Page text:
HOMESTEAD HELPER: DIY DISHWASHER

If there was a book to recommend to fellow homemaking homesteaders it would be ‘Household Discoveries and  Mrs. Curtis’s Cookbook.’  I have the 1906 edition.  It is a huge, comprehensive book containing around 1000 pages.  Even if you find the methods  in the book a bit outdated,  it is a great read from an historical point of view.

I want to quote from one section which I found extremely interesting.  For many DIY folks out there, it may be a viable option.  I am seriously  toying with this idea.

There is a section on how to wash dishes properly.  There are many useful tidbits like sprinkling a little lye on greasy dishes which will turn into soap when mixed with the grease and help clean the dishes better.  We do have a lot of lye for making biodiesel, so this is an interesting concept to me.  Must be very careful, of course.  Then there is the suggestion to wash pans and dishes that held fish with some powdered charcoal added to the water.  Useful for removing cabbage odors, too.

But what struck me as particularly  interesting was the description of a dishwasher of the day. particularly helpful for large families. Here is that description:

[…] These machines are simple in construction, are easily cleaned, and, if given proper attention, will last many years They are constructed with an iron galvanized cylinder, which is to be half-filled with water containing any good washing compound and brought to a boil.  The dishes are put in a cylindrical  basket or tray, the plates and platters placed on edge and held by brackets. Sauces, cups. and side dishes are placed besides them, the basket is lowered into he cylinder, revolved two or three times by means of a crank, reversed, and the dishes are cleansed.  The tray is then taken out, and, if the dishes are scalded with boiling water, very little wiping is required. […]

Hmmm…. this really does sound doable as I recalled the story about our outbuilding in New Zealand which had a “fireplace” with a humongous copper pot set in it for boiling water for bathing or such.  What if a similar type of fireplace could be constructed on the homestead?  The possibilities for its benefits are growing in my mind.  For use as a dishwasher, it could be done by tweaking the information a little.  We already have a large hand-cranked salad spinner for our produce business.  We not only have a hand -cranked washing machine, but also numerous hand-cranked kitchen gadgets.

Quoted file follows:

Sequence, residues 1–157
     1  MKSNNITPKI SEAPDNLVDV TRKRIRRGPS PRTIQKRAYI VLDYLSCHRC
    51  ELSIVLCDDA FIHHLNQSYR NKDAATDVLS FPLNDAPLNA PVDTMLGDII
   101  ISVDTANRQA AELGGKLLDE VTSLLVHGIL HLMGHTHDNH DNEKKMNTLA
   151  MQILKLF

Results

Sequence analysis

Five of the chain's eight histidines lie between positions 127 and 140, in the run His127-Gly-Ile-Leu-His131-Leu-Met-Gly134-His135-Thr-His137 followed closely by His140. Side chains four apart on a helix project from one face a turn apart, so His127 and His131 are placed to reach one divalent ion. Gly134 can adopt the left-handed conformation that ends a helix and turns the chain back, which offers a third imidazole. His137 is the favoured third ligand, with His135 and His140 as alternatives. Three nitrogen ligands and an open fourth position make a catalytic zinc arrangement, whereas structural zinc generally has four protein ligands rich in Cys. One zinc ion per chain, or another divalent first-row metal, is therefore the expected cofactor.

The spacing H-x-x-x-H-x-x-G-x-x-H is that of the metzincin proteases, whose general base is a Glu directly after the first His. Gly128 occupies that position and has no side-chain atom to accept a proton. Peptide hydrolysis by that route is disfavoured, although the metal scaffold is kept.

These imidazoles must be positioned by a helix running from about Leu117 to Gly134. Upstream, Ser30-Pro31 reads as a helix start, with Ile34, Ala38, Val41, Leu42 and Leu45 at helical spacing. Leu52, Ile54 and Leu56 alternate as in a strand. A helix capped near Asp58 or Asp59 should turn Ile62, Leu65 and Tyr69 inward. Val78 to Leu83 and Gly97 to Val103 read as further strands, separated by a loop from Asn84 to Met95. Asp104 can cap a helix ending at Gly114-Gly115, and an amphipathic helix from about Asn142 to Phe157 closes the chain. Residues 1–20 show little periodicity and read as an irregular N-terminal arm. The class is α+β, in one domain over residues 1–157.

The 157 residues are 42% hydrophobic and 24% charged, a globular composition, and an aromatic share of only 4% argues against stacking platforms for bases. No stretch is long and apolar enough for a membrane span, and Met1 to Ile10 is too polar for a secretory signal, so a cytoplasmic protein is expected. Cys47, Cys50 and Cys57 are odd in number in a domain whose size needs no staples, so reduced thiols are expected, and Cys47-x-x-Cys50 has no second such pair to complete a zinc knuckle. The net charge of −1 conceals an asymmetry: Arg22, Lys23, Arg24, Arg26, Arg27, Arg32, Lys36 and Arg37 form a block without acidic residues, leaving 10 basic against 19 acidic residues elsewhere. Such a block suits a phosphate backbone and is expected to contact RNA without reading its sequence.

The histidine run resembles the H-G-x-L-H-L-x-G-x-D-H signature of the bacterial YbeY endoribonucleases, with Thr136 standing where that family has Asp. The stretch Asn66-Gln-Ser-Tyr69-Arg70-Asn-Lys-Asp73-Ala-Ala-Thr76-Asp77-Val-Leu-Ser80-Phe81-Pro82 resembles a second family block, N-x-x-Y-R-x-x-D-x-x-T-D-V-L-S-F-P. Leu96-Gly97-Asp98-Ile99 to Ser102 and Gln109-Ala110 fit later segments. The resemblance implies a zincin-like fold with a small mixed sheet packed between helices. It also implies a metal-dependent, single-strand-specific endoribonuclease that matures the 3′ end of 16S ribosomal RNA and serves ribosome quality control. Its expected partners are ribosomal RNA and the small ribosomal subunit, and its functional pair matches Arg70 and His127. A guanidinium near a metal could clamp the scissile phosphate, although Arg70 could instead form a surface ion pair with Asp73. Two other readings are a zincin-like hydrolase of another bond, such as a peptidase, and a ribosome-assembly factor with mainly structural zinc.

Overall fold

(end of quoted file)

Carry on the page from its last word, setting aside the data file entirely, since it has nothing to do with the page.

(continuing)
Hey, in New Zealand, we even had a hand-cranked Morris van.  Oh, oh.  My mind is starting to wonder … again… what if…

I  certainly would like to try this one day.  How about you?  What sort of “human powered” gadgets have you incorporated on your homestead?

:: Resources ::

Alternatives to Electrical Tools & Appliances

Institute for Appropriate Technologies

 




Comments(5)

  1. Gigi says

    I read several reviews of ‘Household Discoveries and Mrs. Curtis’s Cookbook.’ It was a lot of fun! I will consider purchasing the book.

    I remember reading a snippet of Laura Ingalls Wilder in which she spoke of “the good old days.” Assuming I have remembered correctly, she mentioned that her parents and grandparents worked from dawn until dark. Leisure time was rare. She did not want to go back to all that constant work.

    While I appreciate, and use, inventions that have made our lives healthier and more convenient, I am not fully immersed in the 21st century living. Sometimes human powered mechanical machines are just as efficient as energy powered equipment. Other times, I prefer the energy driven article. In general, I am not particularly fond of computerized gadgets, save, of course, the computer (that is, unfortunately, a necessity), and a basic cell phone.

    My treadle sewing machine works just as well as my mechanical sewing machine. I also get a lot of use from my serger as well. I inherited a computerized machine. While it has its good points, I much prefer a mechanical. I use the machine that will fit my needs the best. I recycle and re-purpose fabric. The only paper I buy is TP.

  2. Joyness Sparkles says

    This is a great post! Thank you so much for mentioning this book! 🙂

    On our quest for simplicity, we have gotten rid of the microwave and all of our electric gadgets save for the blender. As we live in an apartment complex, we do have a stove/oven and fridge as well as a dishwasher, but I never use the dishwasher as I can get the dishes much cleaner.

    Thank you again, this is excellent information! 🙂

  3. cara says

    For heating water with less fuel consider a rocket mass heater with a boiler around one half of the rocket tank and piped to your water heater or the exhaust run through an insulated water tank instead of the rock filled bench seat.

  4. Stacy says

    Hmmm…. I could see this working well for a commercial use. We currently have 13 people in our household – 5 adult, 8 children. It seems to me the filling with water, hand cranking, draining, scalding with hot water, etc… would still be more work than simply washing from a dishpan. Although I have to admit, it would probably seem mighty useful for those times when the dishes didn’t get done the night before and more have been added. As a side note, I have started using the porcelain dish pans like the one in the picture. I don’t know how I’ve done anything useful in the household work without them in the past!! I recommend them to every household – especially a back-to-basics homesteading household.

  5. Merna Chance says

    Sprouting jars, antique coffee grinder for spices, drying fruit on wooden trays atop the tin roof shed.

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